Yessi Bello PerezFormer Senior Writer, Growth Quarters
Bitcoin-hungry criminals are targeting owners of Google Nest home security cameras in their latest sextortion campaign, Computer Weekly reports.
Email cybersecurity company Mimecast says the campaign mostly targeted individuals in the US earlier this month.
Kiri Addison, Mimecasts’s head of data science overwatch, said this particular campaign was unusual in that criminals were using a more complex methodology to hide the origins of the scam emails in hope of concealing their identity even further.
As is often the case in these types of campaigns, criminals claim to have footage of the victim and threat to release it unless a ransom, typically in Bitcoin, is paid.
[Read: Amazon Ring owners foil $400K Bitcoin extortion plot by removing batteries]
What makes this particular campaign stand out, though, is that criminals typically share a Bitcoin wallet address with the victim in their original email but that’s currently not the case. Instead, the criminals simply tell the victim they have the footage.
The hackers then give the victims a password that enables them to access an external email account.
Once they log in, the victims will see an email containing a link to a site that hosts genuine footage downloaded from the Nest site. But there’s a catch: the footage isn’t actually taken from the victim’s device!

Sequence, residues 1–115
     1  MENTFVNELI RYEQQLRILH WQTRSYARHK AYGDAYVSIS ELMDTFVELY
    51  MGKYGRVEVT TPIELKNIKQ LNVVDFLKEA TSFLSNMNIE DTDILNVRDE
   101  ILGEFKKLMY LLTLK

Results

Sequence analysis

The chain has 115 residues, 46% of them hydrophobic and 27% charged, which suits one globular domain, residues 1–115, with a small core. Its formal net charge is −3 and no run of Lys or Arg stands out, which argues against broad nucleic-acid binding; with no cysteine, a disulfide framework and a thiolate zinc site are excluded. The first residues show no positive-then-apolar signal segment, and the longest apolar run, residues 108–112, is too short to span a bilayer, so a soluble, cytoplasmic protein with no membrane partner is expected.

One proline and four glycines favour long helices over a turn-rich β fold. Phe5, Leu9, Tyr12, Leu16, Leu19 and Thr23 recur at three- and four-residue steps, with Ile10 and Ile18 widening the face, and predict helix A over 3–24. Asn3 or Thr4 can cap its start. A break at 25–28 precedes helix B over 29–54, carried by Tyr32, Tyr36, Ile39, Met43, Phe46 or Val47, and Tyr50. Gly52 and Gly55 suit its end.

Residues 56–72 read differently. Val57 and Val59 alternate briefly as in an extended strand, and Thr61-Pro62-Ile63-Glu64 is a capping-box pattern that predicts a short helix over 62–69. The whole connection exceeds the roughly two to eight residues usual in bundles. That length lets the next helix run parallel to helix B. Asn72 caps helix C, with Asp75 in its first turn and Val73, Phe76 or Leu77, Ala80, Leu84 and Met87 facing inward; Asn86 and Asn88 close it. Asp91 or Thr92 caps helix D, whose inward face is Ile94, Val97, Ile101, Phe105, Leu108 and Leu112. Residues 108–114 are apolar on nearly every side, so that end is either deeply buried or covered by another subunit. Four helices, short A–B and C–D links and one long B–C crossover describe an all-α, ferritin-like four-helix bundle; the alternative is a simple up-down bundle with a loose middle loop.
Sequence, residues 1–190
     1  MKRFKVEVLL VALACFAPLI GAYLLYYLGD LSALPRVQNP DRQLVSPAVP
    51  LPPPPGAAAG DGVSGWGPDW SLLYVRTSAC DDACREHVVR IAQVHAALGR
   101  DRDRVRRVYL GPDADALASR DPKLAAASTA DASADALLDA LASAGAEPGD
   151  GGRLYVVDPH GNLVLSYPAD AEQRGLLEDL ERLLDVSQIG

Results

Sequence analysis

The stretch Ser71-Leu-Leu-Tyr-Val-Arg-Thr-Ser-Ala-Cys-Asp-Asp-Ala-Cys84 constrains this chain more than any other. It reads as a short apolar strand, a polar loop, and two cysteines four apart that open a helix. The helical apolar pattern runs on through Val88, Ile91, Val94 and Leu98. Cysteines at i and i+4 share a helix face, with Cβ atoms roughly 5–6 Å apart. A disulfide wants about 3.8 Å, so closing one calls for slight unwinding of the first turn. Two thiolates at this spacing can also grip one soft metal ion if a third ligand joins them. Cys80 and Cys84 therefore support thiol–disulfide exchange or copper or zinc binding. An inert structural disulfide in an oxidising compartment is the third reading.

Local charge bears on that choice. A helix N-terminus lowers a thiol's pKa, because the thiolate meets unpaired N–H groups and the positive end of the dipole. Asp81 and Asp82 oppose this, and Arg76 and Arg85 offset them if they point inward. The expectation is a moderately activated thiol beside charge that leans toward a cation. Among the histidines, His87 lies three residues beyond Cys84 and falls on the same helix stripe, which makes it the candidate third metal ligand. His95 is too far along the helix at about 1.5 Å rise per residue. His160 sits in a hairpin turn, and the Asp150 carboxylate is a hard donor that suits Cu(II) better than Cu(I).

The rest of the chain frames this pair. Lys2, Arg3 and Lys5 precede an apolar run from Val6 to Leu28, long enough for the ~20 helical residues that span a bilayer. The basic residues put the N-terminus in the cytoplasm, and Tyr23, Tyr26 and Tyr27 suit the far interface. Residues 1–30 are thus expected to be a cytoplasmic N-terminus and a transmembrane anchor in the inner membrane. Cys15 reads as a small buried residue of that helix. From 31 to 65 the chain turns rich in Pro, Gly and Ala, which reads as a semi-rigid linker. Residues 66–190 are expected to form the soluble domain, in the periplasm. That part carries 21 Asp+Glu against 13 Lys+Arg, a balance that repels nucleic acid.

The victims are then directed to yet another email inbox where they are told the footage will be published within seven days unless they pay the requested ransom.
In an email seen by Computer Weekly, the hackers asked for €500 ($557) in Bitcoin. They were also happy to receive payment in Amazon, iTunes, Best Buy, and Target gift vouchers.
Addison told the publication that she thought the campaign was likely a result of email addresses being harvested from another database.
“Any incident where someone is made to feel unsafe in their home is deeply unfortunate and something Nest works hard to prevent. That’s why privacy and security are the foundation of our mission,” a spokesperson for Google Nest told Computer Weekly.
“Incidents like this campaign typically occur when a bad actor tries their luck with email addresses from databases of stolen information. Nest users who are contacted by these actors should not respond and we encourage them to contact Nest support if needed,” they added.
A lucrative method
A report by UK firm Digital Shadows found that cybercriminals made over $300,000 in Bitcoin payments during a ‘sextortion‘ campaign, which was first spotted in the wild in 2017 but saw increased activity in the middle of last year.
According to the firm, blackmailers raked in some $332,000 from over 3,000 unique sender Bitcoin addresses.
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